Next, while the United States was handing over the Panama Canal, missionaries were renewing their fervor for the hearts of the Panamanian people. Missionary Mark Fuller with the Southern Baptist International Mission Board is working in small communities that have sprung up in the Canal Zone. Since 1982,100-thousand people have moved into this 10-mile area. Fuller is asking for prayer as the Canal Zone is a difficult place to minister. He says spiritual apathy, and economic depression are their biggest concerns.
“Change” is defined as an alteration, a shift or a transition from one thing to another. It is that description that has caused some Christian groups to focus their efforts on the church. The subtle movement frames Global Advance’s Dr. David Shibley’s thoughts on evangelism and the Great Commission in the 21rst century. “I think it’s very vital that we come into an important, respecting, honorable partnership with what some call the ‘third world churches’ because they are the ones that are really leading the charge in the fulfillment of the Great Commission.” Shibley thinks the American church will soon be learning about the risks involved with servanthood in the body of Christ. “I believe the Lord is going to allow us, in the American church, to become ready for this, even by tasting persecution, here in the United States as well so that we can really partner in the fellowship of Christ’s suffering with our brothers and sisters around the world.”
Elsewhere, the Flying Hospital is teaming up with Operation Blessing for a special medical missions trip to Pueblo, Mexico. Flying Hospital’s Kristin Vischer says the February trip is aimed at this area because: ” We are going to Pueblo, Mexico because it is one of the hardest hit Mexican states that just went through a recent earthquake and that earthquake caused floods. Because of a lot of infection and disease and things result in floods and stagnant water, we’re going to be going in there with a clinic.” Vischer says the people who visit the hospital during the clinics will also be exposed to the Gospel. “Our sponsor, Operation Blessing, will be having a counseling area in the clinic site where, as the people get treated, they’ll go through the counseling area. If they choose to, they can sit down with a counselor, and we’ll give them a free Bible. Also, World Reach is going to be doing some evangelistic activities.”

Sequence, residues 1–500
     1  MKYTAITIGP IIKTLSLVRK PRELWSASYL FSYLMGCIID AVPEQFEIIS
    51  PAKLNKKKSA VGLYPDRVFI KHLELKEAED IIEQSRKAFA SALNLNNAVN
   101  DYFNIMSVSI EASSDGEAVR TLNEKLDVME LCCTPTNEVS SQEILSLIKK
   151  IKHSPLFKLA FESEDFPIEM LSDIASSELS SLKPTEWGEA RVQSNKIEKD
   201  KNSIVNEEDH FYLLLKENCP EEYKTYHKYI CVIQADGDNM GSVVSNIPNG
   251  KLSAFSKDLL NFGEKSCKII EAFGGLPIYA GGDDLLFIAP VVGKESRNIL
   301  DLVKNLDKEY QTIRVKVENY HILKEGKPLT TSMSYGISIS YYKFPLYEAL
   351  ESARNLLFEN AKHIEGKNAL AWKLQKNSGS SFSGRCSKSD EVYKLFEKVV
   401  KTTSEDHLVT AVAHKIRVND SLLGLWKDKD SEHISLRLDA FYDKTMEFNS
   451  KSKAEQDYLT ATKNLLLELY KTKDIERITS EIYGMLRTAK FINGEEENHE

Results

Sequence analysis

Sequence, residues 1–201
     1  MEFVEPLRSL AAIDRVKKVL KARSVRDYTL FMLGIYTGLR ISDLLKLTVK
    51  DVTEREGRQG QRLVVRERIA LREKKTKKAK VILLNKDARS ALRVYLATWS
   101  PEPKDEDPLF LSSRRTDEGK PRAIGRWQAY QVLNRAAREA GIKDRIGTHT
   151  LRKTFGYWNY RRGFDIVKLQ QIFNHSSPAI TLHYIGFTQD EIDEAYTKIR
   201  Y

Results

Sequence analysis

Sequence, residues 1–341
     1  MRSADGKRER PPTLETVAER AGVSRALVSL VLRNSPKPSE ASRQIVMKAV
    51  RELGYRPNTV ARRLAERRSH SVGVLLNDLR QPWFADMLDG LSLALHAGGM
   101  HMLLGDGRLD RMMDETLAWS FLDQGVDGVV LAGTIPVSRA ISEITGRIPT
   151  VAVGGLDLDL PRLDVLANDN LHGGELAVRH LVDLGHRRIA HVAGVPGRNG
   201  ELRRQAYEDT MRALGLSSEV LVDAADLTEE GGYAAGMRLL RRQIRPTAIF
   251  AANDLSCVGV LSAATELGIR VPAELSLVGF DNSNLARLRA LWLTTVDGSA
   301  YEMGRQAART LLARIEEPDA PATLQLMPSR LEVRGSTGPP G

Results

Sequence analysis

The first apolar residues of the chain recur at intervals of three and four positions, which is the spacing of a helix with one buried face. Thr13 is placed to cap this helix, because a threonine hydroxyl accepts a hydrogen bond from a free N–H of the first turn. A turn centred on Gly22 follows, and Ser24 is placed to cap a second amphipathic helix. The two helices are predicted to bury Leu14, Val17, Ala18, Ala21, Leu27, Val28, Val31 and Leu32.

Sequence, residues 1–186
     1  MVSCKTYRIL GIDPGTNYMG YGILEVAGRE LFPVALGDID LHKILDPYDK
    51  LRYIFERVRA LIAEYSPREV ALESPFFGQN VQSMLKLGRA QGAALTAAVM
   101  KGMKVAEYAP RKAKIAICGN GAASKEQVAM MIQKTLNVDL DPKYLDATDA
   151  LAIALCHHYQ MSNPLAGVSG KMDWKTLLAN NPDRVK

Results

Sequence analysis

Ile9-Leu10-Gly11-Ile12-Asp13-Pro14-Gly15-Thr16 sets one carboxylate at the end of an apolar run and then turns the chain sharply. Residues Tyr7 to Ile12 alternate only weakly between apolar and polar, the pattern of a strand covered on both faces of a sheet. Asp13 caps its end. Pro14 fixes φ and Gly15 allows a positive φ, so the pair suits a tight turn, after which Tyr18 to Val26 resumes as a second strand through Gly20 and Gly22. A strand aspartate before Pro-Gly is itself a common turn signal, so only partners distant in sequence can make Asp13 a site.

We begin today in Indonesia, a heavily populated Muslim nation. There are reports of demonstrations in Jakarta over the lack of respect for the holy month of Ramadan. When asked why the Muslim population got quick response, AMG International’s Muriel Lovestrand said: “The Indonesian Constitution guarantees freedom of religion. But, that hasn’t been practiced very widely, and that is why the Muslims are stronger and have gained more control [in Indonesia]. The new President has promised to give consideration to all religions. Some of the people are hoping for more equality in the future.” Lovestrand adds that Ramadan is an fitting time for the Gospel to come through because spiritual awareness is heightened. “Sometimes there’s more opportunity to speak to your neighbors, opening up a conversation about Christianity, questions about “do Christians fast, and if so, why and when?” Those things do come up during the month of Ramadan, which are not as much discussed at other times.”
Next, the entire Muslim world is observing the holy month of Ramadan, which began last Thursday. An estimated 10 million Christians around the world will be praying for the world’s one billion Muslims. Arab World Ministries’ Bob Sayer says this time of year is difficult for non-Muslims. “Because of this heightened spiritual time, some of the people who aren’t Muslims in these countries could possibly persecuted or at least thought less of if they’re not Muslims and not partaking in this fast. And so, it’s a difficult time for our missionaries and for the nationals in these countries who are not Muslim.” Sayer says they are offering a help guide for those who want to pray. “We have an e-mail prayer guide that goes out daily during the whole month of Ramadan, and you can find this prayer guide and sign up for it at our website. I think it would be great if people could mobilize churches to reach Muslims, and I think that we, as Christians, need to really begin reaching these people for Christ.”